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Lina Zelinger, Eyal Banin, Alex Obolensky, Liliana Mizrahi-Meissonnier, Avigail Beryozkin, Tamar Ben-Yosef, Sharon B. Schwartz, Artur V. Cideciyan, Samuel G. Jacobson, Dror Sharon; A Missense Mutation in the Dehydrodolichyl Diphosphate Synthase (DHDDS) Gene is Associated with Autosomal Recessive Retinitis Pigmentosa in Ashkenazi Jews. Invest. Ophthalmol. Vis. Sci. 2011;52(14):75.
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Retinitis pigmentosa (RP) is the most common inherited retinal degeneration with a prevalence of 1:4,000. The disease is heterogeneous and 35 loci are currently linked to autosomal recessive RP (arRP). Several newly identified genes were not a priori considered candidates for RP and were identified by whole genome linkage analysis. Our aim is to identify new arRP-associated genes using homozygosity mapping.
All patients were evaluated clinically and with visual function studies. Genomic DNA was tested for mutations in the DHDDS gene by sequencing and enzymatic restriction and for homozygosity using the Affymetrix whole genome 250K and 6.0 single nucleotide polymorphism (SNP) arrays.
Using homozygosity mapping we identified a shared 3.7Mb homozygous region on chromosome 1p35.3-p36.11 in Ashkenazi Jewish (AJ) patients with arRP who belong to 2 unrelated families. Sequence analysis revealed a homozygous missense mutation, c.124A>G (p.K42E), in the DHDDS gene encoding the dehydrodolichyl diphosphate synthase in 5 affected individuals of the 2 above-mentioned families, as well as in 14 other AJ patients with RP of 12 unrelated families. The haplotype in these 2 families was found to be identical, suggesting a founder effect. The mutation was not identified in an additional set of 107 AJ patients with RP, 20 AJ patients with other inherited retinal diseases, or in 70 patients with retinal degeneration of other origins. The mutation was found heterozygously in 1/322 ethnically-matched normal controls. The statistical difference between the cohort of patients and controls was highly significant (p<0.0001). The affected amino acid (K42) is located immediately after the diphosphate binding site of the enzyme. Clinical phenotype of patients homozygous for the c.124A>G mutation was within the spectrum associated with arRP.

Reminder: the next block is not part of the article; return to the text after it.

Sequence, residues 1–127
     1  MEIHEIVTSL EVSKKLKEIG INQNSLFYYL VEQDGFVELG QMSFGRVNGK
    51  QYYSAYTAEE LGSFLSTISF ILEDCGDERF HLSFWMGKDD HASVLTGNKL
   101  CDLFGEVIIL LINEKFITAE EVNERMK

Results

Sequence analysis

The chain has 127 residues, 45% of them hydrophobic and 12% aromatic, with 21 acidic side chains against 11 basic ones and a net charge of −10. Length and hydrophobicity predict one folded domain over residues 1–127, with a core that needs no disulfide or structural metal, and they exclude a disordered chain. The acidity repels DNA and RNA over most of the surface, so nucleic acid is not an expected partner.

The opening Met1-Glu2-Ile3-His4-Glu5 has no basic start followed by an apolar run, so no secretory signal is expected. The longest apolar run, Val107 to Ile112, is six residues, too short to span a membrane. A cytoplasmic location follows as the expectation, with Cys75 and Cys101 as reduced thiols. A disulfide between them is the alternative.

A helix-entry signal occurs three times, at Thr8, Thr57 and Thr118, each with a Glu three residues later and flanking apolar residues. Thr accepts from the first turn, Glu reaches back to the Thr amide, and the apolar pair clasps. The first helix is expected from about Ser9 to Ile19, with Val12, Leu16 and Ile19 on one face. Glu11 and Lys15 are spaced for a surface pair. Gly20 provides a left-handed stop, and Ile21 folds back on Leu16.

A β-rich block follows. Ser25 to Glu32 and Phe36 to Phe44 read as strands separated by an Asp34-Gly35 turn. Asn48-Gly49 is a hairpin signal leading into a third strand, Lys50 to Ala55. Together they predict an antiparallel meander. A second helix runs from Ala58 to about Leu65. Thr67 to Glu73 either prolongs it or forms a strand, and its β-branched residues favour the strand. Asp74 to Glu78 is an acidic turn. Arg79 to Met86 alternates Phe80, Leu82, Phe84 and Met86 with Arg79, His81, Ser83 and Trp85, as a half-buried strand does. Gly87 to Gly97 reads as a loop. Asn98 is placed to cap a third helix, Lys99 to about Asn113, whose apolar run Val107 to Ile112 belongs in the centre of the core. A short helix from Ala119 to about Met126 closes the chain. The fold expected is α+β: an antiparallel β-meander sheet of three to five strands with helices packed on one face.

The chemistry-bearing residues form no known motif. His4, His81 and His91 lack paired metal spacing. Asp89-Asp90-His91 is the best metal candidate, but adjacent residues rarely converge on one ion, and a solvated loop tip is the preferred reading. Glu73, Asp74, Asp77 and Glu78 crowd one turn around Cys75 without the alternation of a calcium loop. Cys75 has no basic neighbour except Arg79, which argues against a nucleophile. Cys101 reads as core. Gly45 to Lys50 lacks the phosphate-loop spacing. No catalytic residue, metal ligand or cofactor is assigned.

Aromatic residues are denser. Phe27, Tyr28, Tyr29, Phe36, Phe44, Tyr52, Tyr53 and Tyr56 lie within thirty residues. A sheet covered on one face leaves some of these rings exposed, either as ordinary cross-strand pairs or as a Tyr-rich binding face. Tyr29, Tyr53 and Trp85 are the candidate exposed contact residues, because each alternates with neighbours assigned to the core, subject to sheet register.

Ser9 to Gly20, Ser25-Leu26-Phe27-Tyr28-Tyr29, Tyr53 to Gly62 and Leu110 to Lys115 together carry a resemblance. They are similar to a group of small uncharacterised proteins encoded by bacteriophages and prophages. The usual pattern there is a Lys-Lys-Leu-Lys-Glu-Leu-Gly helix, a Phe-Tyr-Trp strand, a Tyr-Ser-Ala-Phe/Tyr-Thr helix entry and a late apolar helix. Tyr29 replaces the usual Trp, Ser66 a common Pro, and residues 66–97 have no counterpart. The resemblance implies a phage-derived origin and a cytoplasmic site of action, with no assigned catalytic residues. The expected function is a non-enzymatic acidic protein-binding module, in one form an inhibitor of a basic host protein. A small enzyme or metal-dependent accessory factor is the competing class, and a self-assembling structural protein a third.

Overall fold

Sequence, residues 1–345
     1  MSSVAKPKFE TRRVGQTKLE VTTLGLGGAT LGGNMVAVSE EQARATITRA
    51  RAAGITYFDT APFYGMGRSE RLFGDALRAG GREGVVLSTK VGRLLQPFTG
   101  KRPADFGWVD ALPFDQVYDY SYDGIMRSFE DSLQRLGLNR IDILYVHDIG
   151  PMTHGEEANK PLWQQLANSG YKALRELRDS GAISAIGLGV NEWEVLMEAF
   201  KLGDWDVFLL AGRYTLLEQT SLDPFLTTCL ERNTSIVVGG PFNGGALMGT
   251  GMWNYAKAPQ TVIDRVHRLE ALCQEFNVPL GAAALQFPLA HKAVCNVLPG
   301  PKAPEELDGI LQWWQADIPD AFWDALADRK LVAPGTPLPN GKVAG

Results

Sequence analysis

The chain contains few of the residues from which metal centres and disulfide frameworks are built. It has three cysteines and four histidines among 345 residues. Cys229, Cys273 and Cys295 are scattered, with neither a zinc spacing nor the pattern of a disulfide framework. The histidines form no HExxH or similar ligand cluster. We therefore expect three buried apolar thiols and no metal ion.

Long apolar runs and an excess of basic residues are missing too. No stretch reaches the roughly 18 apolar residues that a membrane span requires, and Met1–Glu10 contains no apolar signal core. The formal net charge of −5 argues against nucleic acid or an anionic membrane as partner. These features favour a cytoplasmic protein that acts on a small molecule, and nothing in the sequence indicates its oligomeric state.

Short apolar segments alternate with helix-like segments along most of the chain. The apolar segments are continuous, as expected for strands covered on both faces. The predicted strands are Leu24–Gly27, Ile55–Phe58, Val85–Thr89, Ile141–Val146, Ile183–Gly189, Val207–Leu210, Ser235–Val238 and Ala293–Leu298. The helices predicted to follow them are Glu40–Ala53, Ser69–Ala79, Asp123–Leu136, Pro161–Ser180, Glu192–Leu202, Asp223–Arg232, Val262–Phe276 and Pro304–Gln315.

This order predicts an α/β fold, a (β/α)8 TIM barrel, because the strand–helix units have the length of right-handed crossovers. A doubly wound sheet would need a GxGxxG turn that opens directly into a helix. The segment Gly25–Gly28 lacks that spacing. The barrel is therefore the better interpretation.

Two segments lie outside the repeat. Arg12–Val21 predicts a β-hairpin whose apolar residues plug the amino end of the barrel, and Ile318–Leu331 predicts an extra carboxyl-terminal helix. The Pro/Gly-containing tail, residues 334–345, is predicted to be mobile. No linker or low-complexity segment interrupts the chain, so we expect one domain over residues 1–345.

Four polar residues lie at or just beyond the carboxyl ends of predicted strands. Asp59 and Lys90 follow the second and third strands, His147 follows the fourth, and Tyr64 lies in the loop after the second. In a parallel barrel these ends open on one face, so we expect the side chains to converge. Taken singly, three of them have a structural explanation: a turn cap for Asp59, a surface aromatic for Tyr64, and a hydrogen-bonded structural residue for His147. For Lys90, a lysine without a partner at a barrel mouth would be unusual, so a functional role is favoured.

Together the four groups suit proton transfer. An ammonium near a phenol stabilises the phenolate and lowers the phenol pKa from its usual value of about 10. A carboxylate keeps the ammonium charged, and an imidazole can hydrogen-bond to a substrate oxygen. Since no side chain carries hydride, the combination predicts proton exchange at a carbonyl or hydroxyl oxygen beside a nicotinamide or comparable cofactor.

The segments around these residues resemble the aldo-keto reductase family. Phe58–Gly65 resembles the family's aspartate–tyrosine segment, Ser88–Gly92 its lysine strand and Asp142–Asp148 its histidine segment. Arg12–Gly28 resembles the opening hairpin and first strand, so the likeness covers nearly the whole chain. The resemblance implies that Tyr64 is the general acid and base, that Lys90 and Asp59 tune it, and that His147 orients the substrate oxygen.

DHDDS is a key enzyme in the pathway of dolichol which plays an important role in N-glycosylation of many glycoproteins, including rhodopsin. Previous studies showed that distruption of this pathway in the frog eye results in an RP-like phenotype. Our results support a pivotal role of DHDDS in retinal function and might allow for new therapeutic interventions for RP.
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